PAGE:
At the end of the gathering phase, it became clear that a little content wouldn’t be sufficient. The vision needed to expand, because the information we’d gathered proved so rich. Laying everything out in front of me, the book began to emerge.

In the book, we get to hear perspectives on global missions from people who have been engaged for decades, and people who are just starting to get involved. We get to hear from people who work domestically, and from those who work only internationally. There are opinions, there are facts, and there are unforgettable stories included in the pages.

There are some hard truths and sobering realities discussed in ReThink Missions: Real Stories, Real Impact, but there’s also a great deal of hope. In working to put the information into a coherent form, it was important to me that you were left with a sense of solution, not just confusion. I highlighted organizations that are doing a good job of combining missional attitudes with intentional action. I highlighted your ideas, your insights, and your opinions surrounding how we can do missions in a way that will produce the greatest good while doing the least harm at a local level.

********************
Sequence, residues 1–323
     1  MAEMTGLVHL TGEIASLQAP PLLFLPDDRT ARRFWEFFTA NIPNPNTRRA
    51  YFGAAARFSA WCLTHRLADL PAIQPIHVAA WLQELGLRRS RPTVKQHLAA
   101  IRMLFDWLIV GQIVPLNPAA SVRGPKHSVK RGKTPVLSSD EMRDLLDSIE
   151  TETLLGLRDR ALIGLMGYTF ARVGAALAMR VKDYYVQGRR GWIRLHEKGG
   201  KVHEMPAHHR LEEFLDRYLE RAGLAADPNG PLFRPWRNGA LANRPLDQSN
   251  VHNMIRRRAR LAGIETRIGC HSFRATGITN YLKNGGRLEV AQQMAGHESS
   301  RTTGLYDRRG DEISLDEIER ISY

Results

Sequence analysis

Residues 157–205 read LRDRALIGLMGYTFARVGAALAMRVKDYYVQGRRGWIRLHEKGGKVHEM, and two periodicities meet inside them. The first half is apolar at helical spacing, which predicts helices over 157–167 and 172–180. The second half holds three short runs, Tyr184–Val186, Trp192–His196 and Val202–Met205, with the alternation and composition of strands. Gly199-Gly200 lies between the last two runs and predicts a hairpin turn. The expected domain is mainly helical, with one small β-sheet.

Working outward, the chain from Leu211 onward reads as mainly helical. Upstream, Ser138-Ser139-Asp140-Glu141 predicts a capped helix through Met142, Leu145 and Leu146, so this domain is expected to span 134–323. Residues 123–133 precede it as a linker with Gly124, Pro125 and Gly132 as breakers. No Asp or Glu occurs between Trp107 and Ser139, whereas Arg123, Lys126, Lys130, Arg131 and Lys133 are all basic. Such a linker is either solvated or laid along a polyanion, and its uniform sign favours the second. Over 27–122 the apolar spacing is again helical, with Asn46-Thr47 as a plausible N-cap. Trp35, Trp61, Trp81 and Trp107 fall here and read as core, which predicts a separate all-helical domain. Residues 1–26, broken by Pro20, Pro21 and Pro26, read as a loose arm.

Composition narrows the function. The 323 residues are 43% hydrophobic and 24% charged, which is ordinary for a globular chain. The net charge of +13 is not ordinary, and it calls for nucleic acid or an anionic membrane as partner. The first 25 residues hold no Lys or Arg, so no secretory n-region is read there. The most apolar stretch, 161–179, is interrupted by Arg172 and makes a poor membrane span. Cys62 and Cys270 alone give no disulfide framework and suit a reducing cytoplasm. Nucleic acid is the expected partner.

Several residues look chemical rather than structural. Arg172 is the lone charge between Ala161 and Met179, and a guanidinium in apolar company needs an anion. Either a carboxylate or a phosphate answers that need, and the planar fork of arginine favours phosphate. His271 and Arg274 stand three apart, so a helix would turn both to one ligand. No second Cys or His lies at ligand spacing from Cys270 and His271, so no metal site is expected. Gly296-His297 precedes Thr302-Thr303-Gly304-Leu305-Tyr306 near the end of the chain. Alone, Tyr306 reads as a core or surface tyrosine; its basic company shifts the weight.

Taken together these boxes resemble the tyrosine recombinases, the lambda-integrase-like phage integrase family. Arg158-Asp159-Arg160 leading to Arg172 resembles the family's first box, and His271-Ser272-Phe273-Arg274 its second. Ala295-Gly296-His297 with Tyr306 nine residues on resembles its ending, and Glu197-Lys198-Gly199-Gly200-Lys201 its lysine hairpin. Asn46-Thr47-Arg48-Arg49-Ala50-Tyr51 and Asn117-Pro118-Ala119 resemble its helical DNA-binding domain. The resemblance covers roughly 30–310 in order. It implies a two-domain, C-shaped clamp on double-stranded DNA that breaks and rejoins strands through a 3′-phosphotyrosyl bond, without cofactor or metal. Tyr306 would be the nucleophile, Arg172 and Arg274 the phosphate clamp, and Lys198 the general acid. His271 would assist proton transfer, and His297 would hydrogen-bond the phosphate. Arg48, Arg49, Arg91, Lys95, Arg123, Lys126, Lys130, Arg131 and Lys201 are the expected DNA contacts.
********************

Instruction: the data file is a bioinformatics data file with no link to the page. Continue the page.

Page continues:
Hopefully when you read the book, you feel empowered to act, not scared to move. By offering a variety of perspectives in one place, I tried to compile a resource that would inspire continued action as we simultaneously ask and process those tough questions.

As I really went through the submissions from PovertyCure’s global network, I was impressed with the sheer number of responses, but also with the thoughtfulness of each person. Clearly, the conversation around global missions is one you are all eager to have. That’s exciting. It means we’re onto something. It means the time is ripe to dive into the topics we discuss in ReThink Missions: Real Stories, Real Impact.

So to everyone who sent in a response from the global network, to all of PovertyCure’s Action Partners, to each person we interviewed, thank you for engaging. Thank you for agreeing to write a book together.

Chad Jordan is the co-founder & CEO of Arrow Global Capital and author of ReThink Missions: Real Stories, Real Impact.